Jennifer of the Glades stood at the precipice, watching the waves crash into the granite boulders below. If he did not come to meet her, Jennifer would jump.
She could see her own lithe body falling to its crushing demise, tatters of white lace and satin floating on the foamy curls of the raging waters below; her golden locks drifting sleepily above her like flames as she sank into the blue grave alone.
A light touch on the white skin of Jennifer’s bare shoulder, a hint of breath at the edge of her ear…He had come.
Turning into him, his strong hands crawled into her loose tresses, pulling her close and useless in his arms. One hand, calloused from the ride and from the hunt, found its way to the small of her back, where he pressed, bringing her into his warmth.
His lips discovered hers without hesitation, his kiss hard, deep and passionate. It was a kiss that needed her, ached for her, searched for her on dreamless nights when she lie awake listening to the owls, wondering if this thing called love could truly exist.
Breathless together, her bosom heaving against him, his bold, unshaven jaw caressed her as he leaned into her and whispered…
“This isn’t a library.”
Jennifer jumped. “What?”
Her gaze searched for the piercing eyes of her lover, but found instead, the tired eyes of Jeff Kemper, Assistant Manager.
“This isn’t a library,” he repeated, nodding his head toward this month’s issue of Cosmo that Jenn was slowly wrinkling in one sweaty palm.
Head down, locks of grease falling over her own tired eyes, Jenn straightened the cover and returned the magazine to its place on the shelf, jealous that even this inanimate piece of recycling had a proper place where it belonged.
She shuffled down the Aisle of Paradise with Jeff Kemper, Assistant Manager, close behind, monitoring her every step, making sure nothing went from the shelves to her pockets.
To the right, magazines full of glossy, rich women who could afford to be beautiful, who lounged on sofas and stood on balconies with perfect hair and perfect faces that were always looking away to some distant place more fantastic than the place they were standing. To the right, men dressed in fine suits, shirtless, with bare hairless chests exposed shamelessly, thoughtfully glaring at the cameras while they relaxed against bars or trees.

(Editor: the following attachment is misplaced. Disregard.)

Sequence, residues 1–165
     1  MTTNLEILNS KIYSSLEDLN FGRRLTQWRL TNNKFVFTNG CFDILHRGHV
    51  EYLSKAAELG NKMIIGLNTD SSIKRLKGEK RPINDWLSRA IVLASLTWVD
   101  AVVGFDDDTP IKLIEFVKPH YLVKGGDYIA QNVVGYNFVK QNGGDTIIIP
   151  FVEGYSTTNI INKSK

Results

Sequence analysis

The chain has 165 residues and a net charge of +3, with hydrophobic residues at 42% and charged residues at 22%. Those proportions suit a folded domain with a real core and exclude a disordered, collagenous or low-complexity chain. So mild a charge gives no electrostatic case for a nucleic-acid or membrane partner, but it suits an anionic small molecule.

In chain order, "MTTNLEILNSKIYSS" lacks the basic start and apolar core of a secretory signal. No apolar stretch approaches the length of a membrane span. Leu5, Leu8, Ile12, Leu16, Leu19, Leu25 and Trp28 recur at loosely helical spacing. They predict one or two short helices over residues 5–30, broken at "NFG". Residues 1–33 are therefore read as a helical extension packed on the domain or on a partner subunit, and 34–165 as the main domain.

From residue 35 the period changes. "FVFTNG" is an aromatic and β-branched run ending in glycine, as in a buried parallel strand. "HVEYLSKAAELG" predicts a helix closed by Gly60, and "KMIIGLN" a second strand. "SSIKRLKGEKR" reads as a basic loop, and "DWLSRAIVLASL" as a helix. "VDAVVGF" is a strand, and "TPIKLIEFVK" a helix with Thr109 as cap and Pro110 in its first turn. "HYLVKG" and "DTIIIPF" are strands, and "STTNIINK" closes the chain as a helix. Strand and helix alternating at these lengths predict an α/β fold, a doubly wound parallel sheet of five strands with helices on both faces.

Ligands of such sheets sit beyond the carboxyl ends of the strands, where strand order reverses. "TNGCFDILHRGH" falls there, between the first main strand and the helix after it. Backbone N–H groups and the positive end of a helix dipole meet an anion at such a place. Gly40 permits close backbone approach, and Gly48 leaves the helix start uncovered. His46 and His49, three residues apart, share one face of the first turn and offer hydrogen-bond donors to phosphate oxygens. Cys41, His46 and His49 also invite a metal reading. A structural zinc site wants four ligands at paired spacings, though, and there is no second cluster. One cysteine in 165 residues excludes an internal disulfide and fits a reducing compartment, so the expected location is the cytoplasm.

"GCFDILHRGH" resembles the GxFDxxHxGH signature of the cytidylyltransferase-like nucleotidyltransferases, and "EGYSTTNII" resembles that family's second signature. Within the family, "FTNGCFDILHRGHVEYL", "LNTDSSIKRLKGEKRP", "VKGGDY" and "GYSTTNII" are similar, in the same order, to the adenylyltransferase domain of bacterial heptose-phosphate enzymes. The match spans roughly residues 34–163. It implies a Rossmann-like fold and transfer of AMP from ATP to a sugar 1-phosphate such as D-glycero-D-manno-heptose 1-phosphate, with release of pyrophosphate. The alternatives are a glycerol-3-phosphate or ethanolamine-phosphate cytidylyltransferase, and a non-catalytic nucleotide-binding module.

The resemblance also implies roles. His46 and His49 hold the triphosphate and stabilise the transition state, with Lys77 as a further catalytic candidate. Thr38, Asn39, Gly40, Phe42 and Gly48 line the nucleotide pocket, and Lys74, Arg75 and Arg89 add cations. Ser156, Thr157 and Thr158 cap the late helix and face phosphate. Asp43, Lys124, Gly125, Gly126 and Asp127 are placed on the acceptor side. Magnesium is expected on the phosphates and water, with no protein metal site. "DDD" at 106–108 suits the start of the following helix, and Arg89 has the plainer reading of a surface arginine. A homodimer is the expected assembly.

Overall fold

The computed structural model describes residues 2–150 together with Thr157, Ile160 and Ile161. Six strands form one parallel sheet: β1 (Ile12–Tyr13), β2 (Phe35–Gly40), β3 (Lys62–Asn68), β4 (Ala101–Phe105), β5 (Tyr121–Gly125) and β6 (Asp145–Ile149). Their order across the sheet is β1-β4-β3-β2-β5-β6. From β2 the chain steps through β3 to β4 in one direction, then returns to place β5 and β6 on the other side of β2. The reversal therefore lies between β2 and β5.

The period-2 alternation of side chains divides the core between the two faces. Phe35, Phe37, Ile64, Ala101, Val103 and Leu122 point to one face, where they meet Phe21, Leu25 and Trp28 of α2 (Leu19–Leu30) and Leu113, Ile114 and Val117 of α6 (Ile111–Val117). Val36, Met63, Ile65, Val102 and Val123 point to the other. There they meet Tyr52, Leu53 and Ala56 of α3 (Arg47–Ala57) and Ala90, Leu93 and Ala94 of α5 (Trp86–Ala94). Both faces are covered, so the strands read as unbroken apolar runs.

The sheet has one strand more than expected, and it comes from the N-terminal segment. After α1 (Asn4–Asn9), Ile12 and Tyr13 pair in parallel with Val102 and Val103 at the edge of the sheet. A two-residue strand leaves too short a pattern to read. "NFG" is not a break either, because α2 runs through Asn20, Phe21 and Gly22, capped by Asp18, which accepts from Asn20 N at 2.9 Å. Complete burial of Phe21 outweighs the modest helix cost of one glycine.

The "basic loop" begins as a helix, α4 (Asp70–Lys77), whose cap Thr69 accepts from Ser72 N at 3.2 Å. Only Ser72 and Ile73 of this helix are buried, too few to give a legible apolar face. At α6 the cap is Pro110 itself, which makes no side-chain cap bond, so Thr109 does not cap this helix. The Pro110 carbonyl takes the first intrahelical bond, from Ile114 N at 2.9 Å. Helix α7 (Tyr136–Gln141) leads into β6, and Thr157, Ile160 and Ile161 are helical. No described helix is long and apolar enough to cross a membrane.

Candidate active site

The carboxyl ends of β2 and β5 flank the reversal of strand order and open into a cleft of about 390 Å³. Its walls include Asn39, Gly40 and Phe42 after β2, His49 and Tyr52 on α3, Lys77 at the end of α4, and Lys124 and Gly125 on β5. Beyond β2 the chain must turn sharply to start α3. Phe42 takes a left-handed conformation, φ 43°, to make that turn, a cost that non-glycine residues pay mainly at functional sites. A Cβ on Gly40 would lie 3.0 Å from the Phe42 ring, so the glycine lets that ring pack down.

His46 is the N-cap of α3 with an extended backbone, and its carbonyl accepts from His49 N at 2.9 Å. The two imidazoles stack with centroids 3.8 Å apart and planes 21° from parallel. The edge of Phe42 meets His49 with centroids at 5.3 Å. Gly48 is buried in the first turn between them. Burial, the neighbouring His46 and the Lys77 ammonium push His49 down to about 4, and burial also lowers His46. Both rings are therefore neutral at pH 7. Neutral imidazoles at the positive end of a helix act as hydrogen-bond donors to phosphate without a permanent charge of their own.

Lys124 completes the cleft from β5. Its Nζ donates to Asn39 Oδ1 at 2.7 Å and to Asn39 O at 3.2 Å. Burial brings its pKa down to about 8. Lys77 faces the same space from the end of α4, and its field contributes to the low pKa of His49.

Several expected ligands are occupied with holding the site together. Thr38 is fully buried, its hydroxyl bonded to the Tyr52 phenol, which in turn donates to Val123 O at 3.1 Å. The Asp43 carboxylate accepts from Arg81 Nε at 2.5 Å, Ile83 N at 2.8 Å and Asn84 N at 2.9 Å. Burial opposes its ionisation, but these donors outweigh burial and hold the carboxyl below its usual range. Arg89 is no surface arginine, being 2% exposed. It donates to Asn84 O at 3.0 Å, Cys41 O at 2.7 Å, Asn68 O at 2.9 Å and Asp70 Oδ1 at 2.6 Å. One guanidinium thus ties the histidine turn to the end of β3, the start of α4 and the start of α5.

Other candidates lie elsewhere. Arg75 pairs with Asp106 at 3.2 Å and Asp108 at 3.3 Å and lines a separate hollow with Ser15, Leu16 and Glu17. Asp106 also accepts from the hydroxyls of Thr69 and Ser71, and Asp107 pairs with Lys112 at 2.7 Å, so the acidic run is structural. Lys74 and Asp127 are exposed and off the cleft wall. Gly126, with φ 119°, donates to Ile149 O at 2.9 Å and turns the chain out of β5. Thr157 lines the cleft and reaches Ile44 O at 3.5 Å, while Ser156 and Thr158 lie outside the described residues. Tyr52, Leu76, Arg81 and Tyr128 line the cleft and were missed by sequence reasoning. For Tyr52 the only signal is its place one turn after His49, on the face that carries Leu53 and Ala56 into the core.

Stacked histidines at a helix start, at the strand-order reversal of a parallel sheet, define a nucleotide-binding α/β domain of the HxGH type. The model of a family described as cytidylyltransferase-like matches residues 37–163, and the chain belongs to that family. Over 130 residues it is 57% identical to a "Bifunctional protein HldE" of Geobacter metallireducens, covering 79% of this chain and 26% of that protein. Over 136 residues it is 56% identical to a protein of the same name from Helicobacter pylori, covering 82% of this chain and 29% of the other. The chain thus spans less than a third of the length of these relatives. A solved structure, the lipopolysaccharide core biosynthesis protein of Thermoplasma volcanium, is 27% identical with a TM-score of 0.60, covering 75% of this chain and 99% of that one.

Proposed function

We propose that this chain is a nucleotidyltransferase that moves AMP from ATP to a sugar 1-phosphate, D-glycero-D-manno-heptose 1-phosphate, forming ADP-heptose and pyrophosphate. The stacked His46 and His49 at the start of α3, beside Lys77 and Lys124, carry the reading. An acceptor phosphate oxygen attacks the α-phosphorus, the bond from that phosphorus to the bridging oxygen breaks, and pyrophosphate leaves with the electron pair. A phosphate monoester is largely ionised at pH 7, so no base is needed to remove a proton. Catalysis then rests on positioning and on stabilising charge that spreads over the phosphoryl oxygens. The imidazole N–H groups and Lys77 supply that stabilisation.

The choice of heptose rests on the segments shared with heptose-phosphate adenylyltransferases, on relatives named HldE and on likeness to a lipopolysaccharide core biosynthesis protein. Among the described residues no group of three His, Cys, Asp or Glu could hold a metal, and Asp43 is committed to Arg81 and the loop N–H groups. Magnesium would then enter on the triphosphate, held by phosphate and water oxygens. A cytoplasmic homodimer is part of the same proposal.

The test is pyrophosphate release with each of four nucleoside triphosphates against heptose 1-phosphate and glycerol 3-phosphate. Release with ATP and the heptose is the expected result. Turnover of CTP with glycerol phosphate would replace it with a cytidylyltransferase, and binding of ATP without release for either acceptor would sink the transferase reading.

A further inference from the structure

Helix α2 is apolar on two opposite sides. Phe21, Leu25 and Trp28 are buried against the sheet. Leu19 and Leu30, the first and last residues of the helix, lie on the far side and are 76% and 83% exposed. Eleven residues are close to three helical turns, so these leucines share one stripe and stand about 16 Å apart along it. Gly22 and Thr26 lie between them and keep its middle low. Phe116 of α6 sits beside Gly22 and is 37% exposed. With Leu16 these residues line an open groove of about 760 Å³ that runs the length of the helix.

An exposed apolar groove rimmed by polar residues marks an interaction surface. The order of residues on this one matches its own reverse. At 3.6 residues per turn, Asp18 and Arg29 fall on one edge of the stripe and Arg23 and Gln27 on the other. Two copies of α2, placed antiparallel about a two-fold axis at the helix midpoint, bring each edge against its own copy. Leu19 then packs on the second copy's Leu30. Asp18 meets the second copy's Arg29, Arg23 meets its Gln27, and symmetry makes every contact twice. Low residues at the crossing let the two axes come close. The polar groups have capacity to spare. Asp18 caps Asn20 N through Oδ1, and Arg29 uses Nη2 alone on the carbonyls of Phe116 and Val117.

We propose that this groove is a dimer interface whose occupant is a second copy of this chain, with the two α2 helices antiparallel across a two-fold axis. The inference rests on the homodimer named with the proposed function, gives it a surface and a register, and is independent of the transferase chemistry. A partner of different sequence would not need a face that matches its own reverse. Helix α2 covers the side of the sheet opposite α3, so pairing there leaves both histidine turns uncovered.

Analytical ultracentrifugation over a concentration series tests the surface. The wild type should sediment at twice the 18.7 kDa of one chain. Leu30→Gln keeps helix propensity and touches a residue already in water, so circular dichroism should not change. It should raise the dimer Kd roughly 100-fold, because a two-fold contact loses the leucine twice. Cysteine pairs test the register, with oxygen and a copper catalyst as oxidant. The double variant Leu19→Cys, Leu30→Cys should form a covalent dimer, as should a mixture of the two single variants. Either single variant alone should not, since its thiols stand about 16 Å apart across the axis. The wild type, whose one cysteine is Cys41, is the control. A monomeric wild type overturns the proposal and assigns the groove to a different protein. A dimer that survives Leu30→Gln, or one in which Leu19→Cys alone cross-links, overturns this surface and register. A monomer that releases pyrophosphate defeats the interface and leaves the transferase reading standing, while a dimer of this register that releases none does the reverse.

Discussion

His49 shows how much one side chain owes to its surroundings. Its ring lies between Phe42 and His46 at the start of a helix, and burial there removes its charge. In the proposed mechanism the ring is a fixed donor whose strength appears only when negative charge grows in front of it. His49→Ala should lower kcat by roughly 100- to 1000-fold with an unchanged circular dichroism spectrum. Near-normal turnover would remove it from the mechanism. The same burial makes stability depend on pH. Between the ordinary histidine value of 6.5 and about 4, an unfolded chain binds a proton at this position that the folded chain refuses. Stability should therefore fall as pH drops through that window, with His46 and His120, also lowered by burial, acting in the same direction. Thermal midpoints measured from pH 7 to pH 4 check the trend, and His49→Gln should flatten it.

To the left, a plethora of colors, sweet smelling plastic that reminded her of candies and jelly shoes and hairspray. Pink blushes, brown eyeliners, silver eye-shadows, maroon lipsticks and sparkly lip gloss, lined racks up and down. To the left, compacts of powder in every shade of brown, tan, cream, and beige , perfumes with wistful names like Amazonian Breezes and Midnight Musk, brushes of every size, and enough nail polish to paint an ocean full of girls with manicures and pedicures.
Jennifer let her fingers trail across the packaging, plastic blisters and imprinted cardboard, taking in the last few breaths of the sweet smell of new. Fresh ink on paper. She lingered for only an instant, reminding herself that despite her desires, her hopes, this life – these things were unattainable. The Aisle of Paradise was just as far away as Hawaii or Siberia.
She felt Jeff Kemper, Assistant Manager, eyeing her like a physical force as he practically pushed her out of Carl’s Drug Store. She had long ago learned it wasn’t worth her energy to cop an attitude or fight about it. She remembered saying a hundred times, I’m a patron, I’m allowed to be here just like anyone else. But that didn’t necessarily apply to dirty, broke 15-year-olds whose father had a reputation for thieving from all the local businesses.
So instead of arguing, Jennifer pushed through the glass door and stepped out into reality. She performed her daily (and sometimes hourly) ritual of jabbing her finger into the change dispenser on the payphone and the newspaper boxes – nothing today. Then she pushed the sand around in the ashtray by the door, identifying the biggest butts – one Camel, two Winstons, and a Maverick – which she would take home to Skanky Frankie, the man she deplored to call her father.
She smoked both of the Winstons as she walked down the tracks to the shantytown, watching the sun set on the western horizon. Today, she passed the old railroad crossing, just before the trestle, where she would turn north and make her way to the shed she called home. Today, Jennifer did something she had never done before – she crossed the trestle over the river, and her feet found new steps out of her old life.